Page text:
Law isn't about serving the underclass until you can pay off your loans. Spoiler alert: It's not going to happen going to schools like that. Those are tainted credentials. If they had value, these examples would have better employment stats.

    4:30 gives terrible advice generally. Do NOT go to ANY TTTT under ANY condition. Even if free. If you can't do any better, the "profession" isn't for you. Don't do it -- the advice is for your own good.

    If you doubt me, go to http://www.lstscorereports.com/state/#state and look this up yourself (especially the salary vs. debt data).

    ReplyDelete
  9. The fact that law schools run and taught by people who have never really been lawyers is proof enough that the scam is on.

    ReplyDelete
  10. Be a lawyer-it's a great life!

    http://www.afr.com/leadership/lawyers-have-lowest-health-and-wellbeing-of-all-professionals-study-finds-20151117-gl1h72

    ReplyDelete
    Replies
    1. You do get a lot of exercise chasing ambulances.

      Delete
  11. Perhaps the pic at the top of the post is meant to honor the important Toilet-and-the-Law scholarship done at the University of Utah School of Law. Consider, for instance, the following work by U. of Utah lawprof (and ex-Dean of Academic Affairs) Terry Kogan, which I am sure is flush with insight:

    * Sex-Separation: The Cure-All for Victorian Social Anxiety, in Toilet: The Public Restroom and the Politics of Sharing, ed. Harvey Molotch and Laura Noren (NYU Press, 2010)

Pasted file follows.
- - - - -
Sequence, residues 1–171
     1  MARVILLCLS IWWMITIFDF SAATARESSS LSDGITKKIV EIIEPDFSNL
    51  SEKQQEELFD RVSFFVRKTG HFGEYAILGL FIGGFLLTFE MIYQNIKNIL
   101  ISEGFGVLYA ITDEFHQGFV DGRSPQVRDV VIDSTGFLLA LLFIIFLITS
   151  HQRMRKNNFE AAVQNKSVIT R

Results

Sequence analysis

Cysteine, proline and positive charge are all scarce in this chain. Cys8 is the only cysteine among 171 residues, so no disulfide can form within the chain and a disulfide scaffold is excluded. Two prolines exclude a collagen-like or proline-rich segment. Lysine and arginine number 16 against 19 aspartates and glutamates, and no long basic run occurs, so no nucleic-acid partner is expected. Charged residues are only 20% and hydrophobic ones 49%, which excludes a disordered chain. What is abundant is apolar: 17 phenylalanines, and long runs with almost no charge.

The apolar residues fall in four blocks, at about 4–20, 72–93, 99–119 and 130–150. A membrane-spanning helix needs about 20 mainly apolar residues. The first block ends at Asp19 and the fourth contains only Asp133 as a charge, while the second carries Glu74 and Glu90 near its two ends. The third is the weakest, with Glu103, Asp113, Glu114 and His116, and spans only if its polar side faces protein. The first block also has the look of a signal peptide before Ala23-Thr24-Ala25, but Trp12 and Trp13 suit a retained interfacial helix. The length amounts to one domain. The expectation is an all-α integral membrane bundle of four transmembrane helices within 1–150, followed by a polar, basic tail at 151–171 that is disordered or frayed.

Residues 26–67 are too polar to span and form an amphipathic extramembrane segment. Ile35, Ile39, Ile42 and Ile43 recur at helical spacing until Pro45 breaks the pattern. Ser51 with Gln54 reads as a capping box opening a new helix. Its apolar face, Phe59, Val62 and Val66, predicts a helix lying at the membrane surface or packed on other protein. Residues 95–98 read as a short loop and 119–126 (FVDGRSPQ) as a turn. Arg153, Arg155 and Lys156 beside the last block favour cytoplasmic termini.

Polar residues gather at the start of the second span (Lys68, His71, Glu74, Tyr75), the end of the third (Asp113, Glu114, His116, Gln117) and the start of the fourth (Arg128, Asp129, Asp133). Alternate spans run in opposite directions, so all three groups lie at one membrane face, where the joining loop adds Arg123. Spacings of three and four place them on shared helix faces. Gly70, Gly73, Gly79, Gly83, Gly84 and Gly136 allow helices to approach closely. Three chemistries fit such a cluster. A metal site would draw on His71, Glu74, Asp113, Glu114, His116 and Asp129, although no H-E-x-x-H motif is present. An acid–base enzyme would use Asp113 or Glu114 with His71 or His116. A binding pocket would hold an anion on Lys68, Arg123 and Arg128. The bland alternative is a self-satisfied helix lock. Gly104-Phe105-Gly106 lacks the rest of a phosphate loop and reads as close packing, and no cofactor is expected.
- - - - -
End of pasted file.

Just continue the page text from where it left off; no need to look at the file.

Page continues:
* Sex-Separation in Public Restrooms: Law Architecture, and Gender, 14 Mich. J. Gender & L. 1 (2007).

    ReplyDelete
    Replies
    1. Unbelievable. Does Terry Kogan have no shame?

      Delete
    2. Oh, Jesus, a new addition to the odious "law and" series: Law and Commodes.

      Delete
  12. http://utah.lawschoolnumbers.com/

    Let’s review the LSN profile on the Univer$ity of Utah $.J. Quinney Commode of Law. Plug your nose.

    “UU Law School Admissions

    UU Law School is considered a Competitive law school, which accepts only 36% of its applicants. Comparatively, Utah is Lower than the average cost for law school.

    Class of 2019

    Applications: 878
    Offers: 310 (35.31%)
    Matriculated: 97 (11.0%)
    25th percentile UGPA: 3.32
    Median UGPA: 3.61
    75th percentile UGPA: 3.80
    25th percentile LSAT: 156
    Median LSAT: 160
    75th percentile LSAT: 162

    Times have certainly changed at this toilet. In the past, if you didn’t have at least a 161 LSAT score, this score wouldn’t even look at you. If you had a 155 LSAT and applied to this diploma mill in 2008, that was the equivalent of a 5’9” skinny nerd, with bad acne, asking out the prom queen on a date. Now, the trash pit is admitting such applicants on a regular basis. Hell, that is akin to the most popular girl on campus not only going out with geek, but sleeping with him on the first date.

    “UU LAW SCHOOL EMPLOYMENT

    Deciding to attend law school requires a large financial investment with the goal of securing employment upon graduation. The University of Utah class of 2014 had an employment rate of 88% with 2% pursuing an additional degree.”

    Do you want to incur an additional $85K+ in NON-DISCHARGEABLE debt, for a chance to enter a GLUTTED legal market?!?! Try and take your degree – from the 42nd “best” law school in the country – and scratch out a living in New York, Georgia, Massachusetts, Oregon, or Missouri. See how impressed those law firms are by your credential, Dumbass.

    I posted the following remark back in October 2010:

    “I recently received the new edition of the Yellow Pages, on my porch. Here is a breakdown of ads by industry:

    Attorneys - pp. 69-139 (plus full page ads on front and back cover)
    Auto dealers - pp. 147-153